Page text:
Natural Science
Vol.5 No.10(2013), Article ID:37736,7 pages DOI:10.4236/ns.2013.510134

Effect of natural and synthetic growth stimulators on in vitro rooting and acclimatization of common ash (Fraxinus excelsior L.) microplants

Vadim Lebedev*, Konstantin Schestibratov

Forest Biotechnology Laboratory, Branch of Shemyakin and Ovchinnikov Institute of Bioorganic Chemistry RAS, Pushchino, Russia; *Corresponding Author:

Copyright © 2013 Vadim Lebedev, Konstantin Schestibratov. This is an open access article distributed under the Creative Commons Attribution License, which permits unrestricted use, distribution, and reproduction in any medium, provided the original work is properly cited.

Received 25 August 2013; revised 25 September 2013; accepted 2 October 2013

Keywords: Common Ash; In Vitro; Plant Growth Stimulators; Rooting; Acclimatization


Application of growth stimulators can be especially effective on plantlets in vitro of tree species which are usually worse rooted and adapted in comparison with annual plants. In our work we evaluate effects of natural (dihydroquercetin, Zircon) and synthetic growth stimulators (Melafen, Fumar, Epin-Extra) on rooting and acclimatization of common ash (Fraxinus excelsior L.) microplants. The 0.05% - 0.2% Zircon and 10−5% Melafen enhanced in vitro rooting by 29% - 37% and 31%, respectively. Melafen also stimulated root formation faster compared to control plants. The dihydroquercetin concentration of 0.01% increased rooting by 24% and root number per shoot by 1.8 times. In vitro plants rooted on media supplemented with Melafen, Fumar and Zircon demonstrated enhanced ability to adapt to non-sterile conditions and accelerated growth. Two months after planting to the greenhouse, plants rooted on 0.01% dihydroquercetin were 45% taller than the control. Weekly spraying of plantlets with 0.02% Epin-Extra containing 24-epibrassinolid stimulated growth of uniform plants with large leaves. The obtained results support the use of growth stimulators for application in clonal micropropagation of common ash both for large-scale production of planting stock and for conservation of rare and valuable genotypes.


The majority of forest trees are propagated by seeds and their progeny is genetically variable. Conventional methods of vegetative propagation like grafting, cutting, layering etc. for many trees are often too slow or impossible. Clonal micropropagation using tissue culture offers an attractive alternative to traditional methods of propagation of forest trees. This technology provides the possibility for high multiplication of selected superior trees and to produce genetically uniform plant material irespective of the season and weather. Micropropagation activities occur in at least 64 countries in all regions of the world and include more than 80 genera of forest trees [1]. Clonal planting material is currently the main way to increase productivity of forest plantations. In addition, clonal micropropagation is widely used for conservation of hardwood tree species, which are rare or threatened by exotic insects and diseases [2]. Current studies in this field are aimed at reducing time and cost of growing in vitro plants by reducing the steps of developmental pathways and decreasing the loss of plants during acclimatization [3]. One of the solutions to this problem is to use plant growth stimulators from diverse origins. These chemicals act on the most plant physiological and biochemical processes at very low concentrations. Their use can be particularly effective during rooting and acclimatization, which are the most critical stages of clonal micropropagation. In particular, to improve in vitro rooting of recalcitrant species, in addition to auxins, substances with phytohormonal-like activity are used [4]. A very important stage of clonal micropropagation is the acclimatization of plantlets in vitro after transfer to non-sterile environment. In vitro and ex vitro conditions are very different in parameters such as humidity, illumination, nutrient concentrations in medium or substrate, and gaseous composition of air. These changes cause stress in plants, which often leads to death or growth retardation [5]. To increase plant survival after transfer to soil, different strategies were utilized: photoautotrophic culture [6], plant growth retardants [7], arbuscular mycorrhiza inoculation [8], and various growth stimulators. In particular, there are reports on the use of substances such as triacontanol [9], chitosan [10] and humic acids [11]. Application of growth stimulators can be especially effective on plantlets in vitro of tree species which are usually worse rooted and adapted in comparison with annual plants. The aim of this work was to evaluate effects of natural (dihydroquercetin, Zircon) and synthetic growth stimulators (Melafen, Fumar, Epin-Extra) on rooting and acclimatization of common ash microplants.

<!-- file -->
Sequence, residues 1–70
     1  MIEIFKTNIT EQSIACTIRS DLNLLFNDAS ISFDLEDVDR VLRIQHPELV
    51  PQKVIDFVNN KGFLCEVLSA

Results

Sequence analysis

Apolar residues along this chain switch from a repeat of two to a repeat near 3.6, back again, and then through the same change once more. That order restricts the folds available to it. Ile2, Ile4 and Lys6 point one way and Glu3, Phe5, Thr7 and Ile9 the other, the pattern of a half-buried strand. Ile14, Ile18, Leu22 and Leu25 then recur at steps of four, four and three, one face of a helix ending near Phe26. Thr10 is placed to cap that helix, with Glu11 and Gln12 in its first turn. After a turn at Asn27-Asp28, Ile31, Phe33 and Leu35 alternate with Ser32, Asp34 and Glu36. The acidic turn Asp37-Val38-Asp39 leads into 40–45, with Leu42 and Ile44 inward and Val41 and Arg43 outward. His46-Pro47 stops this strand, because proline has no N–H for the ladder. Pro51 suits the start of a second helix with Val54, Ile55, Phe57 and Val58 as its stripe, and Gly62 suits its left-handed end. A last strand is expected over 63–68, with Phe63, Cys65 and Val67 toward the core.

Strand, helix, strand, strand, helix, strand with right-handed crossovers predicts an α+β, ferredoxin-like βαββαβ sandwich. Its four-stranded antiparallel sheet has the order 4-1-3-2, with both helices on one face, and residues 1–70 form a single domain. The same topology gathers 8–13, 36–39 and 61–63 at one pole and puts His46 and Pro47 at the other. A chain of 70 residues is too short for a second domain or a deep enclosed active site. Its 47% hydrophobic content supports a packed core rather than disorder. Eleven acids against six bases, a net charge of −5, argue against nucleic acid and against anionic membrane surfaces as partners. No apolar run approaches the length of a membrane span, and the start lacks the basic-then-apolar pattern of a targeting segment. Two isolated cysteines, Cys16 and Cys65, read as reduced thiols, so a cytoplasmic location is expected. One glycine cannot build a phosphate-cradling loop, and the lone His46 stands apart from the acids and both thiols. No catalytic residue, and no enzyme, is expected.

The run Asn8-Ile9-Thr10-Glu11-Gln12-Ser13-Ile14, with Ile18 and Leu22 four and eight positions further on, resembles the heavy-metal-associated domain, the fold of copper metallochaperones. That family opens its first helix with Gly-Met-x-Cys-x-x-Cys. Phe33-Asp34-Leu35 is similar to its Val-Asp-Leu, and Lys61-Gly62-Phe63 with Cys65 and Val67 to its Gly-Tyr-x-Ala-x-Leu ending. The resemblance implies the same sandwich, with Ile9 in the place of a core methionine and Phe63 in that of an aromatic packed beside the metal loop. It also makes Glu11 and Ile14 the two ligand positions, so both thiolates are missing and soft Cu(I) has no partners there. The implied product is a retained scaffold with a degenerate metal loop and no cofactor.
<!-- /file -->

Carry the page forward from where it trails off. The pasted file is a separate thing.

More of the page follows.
2.1. Plant Material

Sterile common ash (Fraxinus excelsior L.) plants were kindly provided by Prof. V. Padutov from Forest Institute at Gomel, Belarus. Stock shoot cultures were established in vitro from shoots of 60-year-old plus trees. Proliferating culture was maintained in vitro in 300-ml glass jars containing 50 ml of MS medium [12], 30 g/l sucrose, and 7 g/l agar (american type QP, Panreac), supplemented with 2 mg/l BA and 0.1 mg/l IAA. Uniform twoto three-node shoots (20 - 30 mm in length) oriented horizontally were used as explants. Cultures were transferred to fresh medium at four week intervals.

2.2. Rooting Conditions

Shoots (15 - 20 mm long, 2 - 3 pairs of leaves) were isolated and used for rooting experiments. Basal medium for rooting consisted of Woody Plant Medium (WPM) salts and vitamins [13] (half strength of macrosalts), 10 g/1 sucrose, 7 g/l agar and 0.5 mg/l NAA. The following experiments were carried out to determine the effects of growth stimulators on rooting: 1) Melafen at 10−8%, 10−7%, 10−6%, 10−5%, 10−3%; 2) Fumar at 10−4%, 10−3%, 10−2%; 3) Zircon at 0.05%, 0.1%, 0.2%; 4) dihydroquercetin (DHQ) at 0.01%, 0.03%, 0.05%, 0.1%. Since the stock solution of DHQ is a 10% ethanol solution the medium containing 0.3%, 0.5%, 1% ethanol was used as control. Rooting was carried out in 250-ml polypropylene containers containing 50 ml of medium. 4 - 6 containers with 24 shoots each constituted one experimental treatment. The percentage of rooted shoots, the number of roots per shoot (more than 2 mm) and the root length were recorded after 2, 3, 4 and 8 weeks (for DHQ only) on the rooting medium.